Only 13% of Florida's mortgage brokers recertified
By Zachary Fagenson
Two months after the deadline for Florida mortgage brokers to reapply under new state and federal rules only 5,600 — 13% of the more than 42,000 brokers once licensed — have been recertified.
The new laws, effective in early October, aim to provide more transparency as to who borrowers are working with and follow a federal mandate to pass such changes under the Secure and Fair Enforcement for Mortgage Licensing Act, a section of the Housing and Economic Recovery Act, signed in mid-2008.
Applicants had to pay fees and file information through a new nationwide system before the beginning of the year to keep working but then got an extension to March 31.
As of April 20, the Florida Office of Financial Regulation had received more than 16,000 loan officer applications, about 7,200 of which are pending and another 3,100 incomplete.
Problems in Florida — widely considered ground zero for the sub-prime mortgage crisis — came to light after reports that the state's office of financial regulation licensed more than 10,000 lenders with criminal pasts.
Legislative changes in Florida, signed in June 2009, were required to be enacted within a year and include mandatory application submissions via the new Nationwide Mortgage Licensing System and Registry.
The regulation also established annual background checks for brokers and the Mortgage Broker Guaranty Trust Fund, funded via a slice of license-application, to settle mortgage-fraud claims.
Additionally unfair, deceptive or misleading advertising became punishable and the regulation prohibited modification without the borrower's awareness and written consent.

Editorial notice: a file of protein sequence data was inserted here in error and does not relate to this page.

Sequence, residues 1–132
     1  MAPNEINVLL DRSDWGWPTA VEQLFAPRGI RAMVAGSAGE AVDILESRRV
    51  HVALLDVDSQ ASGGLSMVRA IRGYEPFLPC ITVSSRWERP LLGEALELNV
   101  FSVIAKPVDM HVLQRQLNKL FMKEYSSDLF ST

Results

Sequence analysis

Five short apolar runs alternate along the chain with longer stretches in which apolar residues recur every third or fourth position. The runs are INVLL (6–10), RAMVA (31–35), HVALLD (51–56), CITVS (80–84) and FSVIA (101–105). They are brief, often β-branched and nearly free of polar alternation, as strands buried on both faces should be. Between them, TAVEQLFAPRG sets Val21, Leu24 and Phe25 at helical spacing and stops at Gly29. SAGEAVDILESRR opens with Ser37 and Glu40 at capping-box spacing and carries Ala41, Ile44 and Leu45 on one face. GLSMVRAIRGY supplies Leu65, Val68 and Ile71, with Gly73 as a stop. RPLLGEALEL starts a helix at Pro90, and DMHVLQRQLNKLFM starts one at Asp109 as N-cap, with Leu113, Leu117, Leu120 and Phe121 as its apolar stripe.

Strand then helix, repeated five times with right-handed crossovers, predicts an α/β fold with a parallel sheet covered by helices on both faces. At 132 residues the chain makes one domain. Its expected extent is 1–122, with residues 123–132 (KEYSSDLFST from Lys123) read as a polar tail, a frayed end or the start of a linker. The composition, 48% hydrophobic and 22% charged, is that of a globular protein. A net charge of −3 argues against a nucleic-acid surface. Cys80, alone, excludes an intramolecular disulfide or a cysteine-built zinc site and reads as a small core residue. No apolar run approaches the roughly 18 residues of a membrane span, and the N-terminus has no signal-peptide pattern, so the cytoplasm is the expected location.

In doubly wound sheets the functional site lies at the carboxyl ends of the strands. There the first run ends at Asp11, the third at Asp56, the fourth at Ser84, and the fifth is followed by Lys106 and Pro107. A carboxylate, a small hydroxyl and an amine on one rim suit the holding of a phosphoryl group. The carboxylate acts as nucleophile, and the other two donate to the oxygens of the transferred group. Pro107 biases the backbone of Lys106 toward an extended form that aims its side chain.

Meanwhile, of 6,957 mortgage businesses licensed to write loans prior to October 2010 2,125 have reapplied and 556 have been approved, with 1,202 pending. Of the 3,115 mortgage branches qualified to write loans before last fall, 174 have been approved while 873 applications remain pending.
And while applications will continue to trickle in as months pass, it appears most of those pending could be sorted out by year's end, painting a better picture of the mortgage industry in the years after the housing bubble.
"There are some guidelines by which we have to go and those are basically in statute," said Flora Beal, state Office of Financial Regulation spokesperson. "We have 180 days to get them approved."
Despite the several thousand applications awaiting approval, it seems the cost and hassle of obtaining a license might not be worth it anymore.
"I was told [the cost is] in excess of $500," said Condo Vultures LLC Principal Peter Zalewski. "In a time like this when people are getting battered on all different fronts, the idea of… getting a mortgage license and then not doing deals doesn't make sense."
And because mortgage financing for brokers remains tight, many banks see opportunity and are stepping in to fill the gap, adding even more competition for the brokers and making their future uncertain.
"There's been a thinning of the herd," Mr. Zalewski added. "The question is, is the herd going to go extinct or can it make a comeback?"
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